On July 15, Uber’s new policy overhauling its customer data collection practice took effect, prompting a complaint from the Electronic Privacy Information Center (EPIC).
Uber’s new policy allows it to collect detailed information about its users and their contacts and to approximate customer locations based on nearby networks, even if users opt out of location sharing. The changes also allow Uber to store user data long-term and to send ads to customers’ contacts without notification. (A previous policy update reduced the use of Uber’s controversial “God mode” tool, which allowed its employees to view the locations of users at any time.)
According to Legaltech News, one of the risks associated with the updated policies includes Uber’s ability to collect information about when a customer’s home will be unoccupied. This information also could be used to triangulate the details of users’ private lives, making them possible targets of social engineering attempts.
The San Francisco-based company is no stranger to criticism over its collection of customer data, and EPIC has asked the Federal Trade Commission to bar certain provisions of Uber’s updated policy. But, Legaltech News said, “the proverbial genie of private information collection has long been out of the bottle and new efforts from Uber are more a sign of things to come than an onerous harbinger of privacy abuse.”
Consumers are paying attention. In a survey released in May by Pew Research, 93% of adults said they consider it important to be in control of who can get information about them. But 91% said they have not made changes to the services on their phones or computers to prevent companies from collecting their personal information. And companies are not shying away from collecting as much personal information as they can, experts warn.
Robert Neivert, chief operating officer of Private.me, told Legaltech News that he expects “companies to continue to push the boundaries of what they can get in terms of personal data, and only when there is backlash will this stop.”
As for Uber, in a blog related to the policy changes, Managing Counsel Katherine Tassi said, “We care deeply about the privacy of our riders and drivers. It’s why we’re always looking at ways to improve our practices. In the last few months we have doubled the size of our privacy team, overhauled our data protection training for employees, published an external review of our privacy program and hired Joe Sullivan, a former cybercrime prosecutor, as our chief security officer.”
“Consumers and privacy advocates aren’t the only ones who should be paying attention,” says Diane K. Carlisle, IGP, CRM, ARMA International’s executive director of content. “Information governance (IG) professionals have a responsibility to address their organizations’ data-handling issues related to such stores of information. The Legaltech News article highlights the privacy concerns quite well,” she said. “But the issues go further than that.”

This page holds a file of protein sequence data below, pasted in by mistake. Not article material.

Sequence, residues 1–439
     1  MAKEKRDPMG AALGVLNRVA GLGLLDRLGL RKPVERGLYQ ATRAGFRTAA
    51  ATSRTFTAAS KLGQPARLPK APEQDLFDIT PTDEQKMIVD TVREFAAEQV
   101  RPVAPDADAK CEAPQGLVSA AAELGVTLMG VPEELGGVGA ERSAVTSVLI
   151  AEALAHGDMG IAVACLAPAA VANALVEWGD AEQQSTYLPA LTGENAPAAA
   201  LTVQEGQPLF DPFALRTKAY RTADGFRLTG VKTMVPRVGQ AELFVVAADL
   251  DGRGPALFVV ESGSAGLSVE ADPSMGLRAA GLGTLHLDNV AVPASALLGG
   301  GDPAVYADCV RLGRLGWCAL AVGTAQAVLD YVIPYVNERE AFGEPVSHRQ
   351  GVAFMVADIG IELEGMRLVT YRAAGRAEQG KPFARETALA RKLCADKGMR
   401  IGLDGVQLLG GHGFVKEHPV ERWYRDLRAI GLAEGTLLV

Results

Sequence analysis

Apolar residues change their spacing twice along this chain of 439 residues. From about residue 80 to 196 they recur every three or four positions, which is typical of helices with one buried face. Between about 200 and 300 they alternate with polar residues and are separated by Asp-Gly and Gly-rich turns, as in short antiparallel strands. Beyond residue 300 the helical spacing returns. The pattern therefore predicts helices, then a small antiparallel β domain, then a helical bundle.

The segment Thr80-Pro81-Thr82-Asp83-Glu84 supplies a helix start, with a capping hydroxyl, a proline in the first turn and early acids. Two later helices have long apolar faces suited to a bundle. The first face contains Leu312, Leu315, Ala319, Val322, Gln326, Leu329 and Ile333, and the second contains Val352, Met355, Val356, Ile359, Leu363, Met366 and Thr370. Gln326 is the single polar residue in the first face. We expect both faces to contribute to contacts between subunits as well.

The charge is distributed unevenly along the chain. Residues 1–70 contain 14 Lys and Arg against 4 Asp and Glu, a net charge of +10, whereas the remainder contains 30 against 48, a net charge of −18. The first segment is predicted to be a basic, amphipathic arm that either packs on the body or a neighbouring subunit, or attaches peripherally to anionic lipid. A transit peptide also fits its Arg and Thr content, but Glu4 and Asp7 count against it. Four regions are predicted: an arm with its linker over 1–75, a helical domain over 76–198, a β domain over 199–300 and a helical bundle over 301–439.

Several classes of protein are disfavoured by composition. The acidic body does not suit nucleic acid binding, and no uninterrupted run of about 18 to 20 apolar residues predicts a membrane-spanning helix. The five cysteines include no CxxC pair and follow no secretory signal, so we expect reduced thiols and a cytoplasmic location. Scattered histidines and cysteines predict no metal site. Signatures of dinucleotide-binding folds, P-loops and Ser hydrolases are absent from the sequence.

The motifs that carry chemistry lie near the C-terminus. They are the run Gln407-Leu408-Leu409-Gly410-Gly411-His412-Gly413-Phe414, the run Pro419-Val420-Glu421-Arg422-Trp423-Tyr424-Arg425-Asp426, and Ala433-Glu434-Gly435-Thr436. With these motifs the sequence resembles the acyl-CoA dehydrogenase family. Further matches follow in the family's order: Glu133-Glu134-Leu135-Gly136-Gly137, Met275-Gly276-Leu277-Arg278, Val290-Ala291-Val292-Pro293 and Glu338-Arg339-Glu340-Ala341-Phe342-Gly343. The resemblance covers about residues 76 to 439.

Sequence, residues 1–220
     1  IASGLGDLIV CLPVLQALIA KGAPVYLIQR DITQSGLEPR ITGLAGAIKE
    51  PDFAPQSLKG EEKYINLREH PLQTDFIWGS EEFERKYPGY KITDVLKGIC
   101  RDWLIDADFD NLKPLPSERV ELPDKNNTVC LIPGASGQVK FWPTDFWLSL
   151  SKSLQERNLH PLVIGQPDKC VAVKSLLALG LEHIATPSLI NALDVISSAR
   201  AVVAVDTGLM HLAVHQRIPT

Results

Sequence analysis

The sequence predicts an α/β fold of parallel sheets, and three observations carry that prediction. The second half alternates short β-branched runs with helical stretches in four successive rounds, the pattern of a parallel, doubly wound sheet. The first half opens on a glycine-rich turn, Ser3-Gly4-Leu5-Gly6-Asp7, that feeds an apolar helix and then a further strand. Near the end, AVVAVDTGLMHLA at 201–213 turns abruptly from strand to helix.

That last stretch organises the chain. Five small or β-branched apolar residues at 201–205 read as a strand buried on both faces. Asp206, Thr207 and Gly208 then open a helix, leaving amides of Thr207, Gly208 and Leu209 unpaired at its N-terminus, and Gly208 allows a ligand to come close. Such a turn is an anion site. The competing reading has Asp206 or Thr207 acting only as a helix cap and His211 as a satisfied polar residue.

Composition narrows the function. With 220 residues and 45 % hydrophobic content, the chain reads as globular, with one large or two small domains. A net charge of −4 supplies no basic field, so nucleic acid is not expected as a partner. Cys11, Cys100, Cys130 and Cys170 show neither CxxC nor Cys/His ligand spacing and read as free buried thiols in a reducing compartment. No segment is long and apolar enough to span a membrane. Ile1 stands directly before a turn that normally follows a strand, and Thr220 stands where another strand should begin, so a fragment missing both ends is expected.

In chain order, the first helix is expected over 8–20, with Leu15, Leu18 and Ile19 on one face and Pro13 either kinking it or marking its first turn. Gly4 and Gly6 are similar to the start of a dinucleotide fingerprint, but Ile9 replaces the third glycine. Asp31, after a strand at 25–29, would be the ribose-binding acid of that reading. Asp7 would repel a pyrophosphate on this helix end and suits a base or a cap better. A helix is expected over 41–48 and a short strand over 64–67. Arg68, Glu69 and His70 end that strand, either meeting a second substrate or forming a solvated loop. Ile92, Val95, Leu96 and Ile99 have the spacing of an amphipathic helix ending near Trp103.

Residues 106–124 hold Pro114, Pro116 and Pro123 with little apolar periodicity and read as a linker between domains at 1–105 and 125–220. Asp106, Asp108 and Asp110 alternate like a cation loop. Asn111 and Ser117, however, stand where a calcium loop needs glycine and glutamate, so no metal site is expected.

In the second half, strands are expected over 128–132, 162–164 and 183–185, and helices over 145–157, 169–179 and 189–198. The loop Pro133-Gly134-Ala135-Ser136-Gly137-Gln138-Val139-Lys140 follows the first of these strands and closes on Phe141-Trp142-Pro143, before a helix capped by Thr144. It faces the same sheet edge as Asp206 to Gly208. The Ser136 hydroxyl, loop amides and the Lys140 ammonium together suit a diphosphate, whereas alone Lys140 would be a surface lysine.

With the significant quantity of information Uber has on both riders and drivers, both of these groups need to know what its data retention and disposition policies and practices are. How secure is the information it is retaining? Does Uber have the technology in place to prevent unauthorized access to and hacking of the information? Depending on how Uber is managing and protecting this information, all of these individuals could be at risk.
IG professionals should explore why their own organizations are retaining customer and employee information. If there is a legitimate business purpose, they need to ensure that appropriate policies and protections are in place and maintained. But, if the information is being kept “just in case,” IG professionals should point out the potential risks this creates for the organization and recommend that the information be retained for as little time as possible once the applicable legal, regulatory, and business needs have been met.
The web seminar “Reduce Risk Through Privacy Compliance: The RIM Leadership Role” from ARMA International’s 2014 conference is a good introduction to several of these issues. Check this out at the link above, and while on the ARMA bookstore site, explore the many other resources available on the topics of privacy, records retention, and establishing policies for an IG program.
Read more: http://www.legaltechnews.com/id=1202730493779/Uber-Policy-Updates-Raise-Questions-on-Privacy-in-the-Digital-Era#ixzz3foplOvGP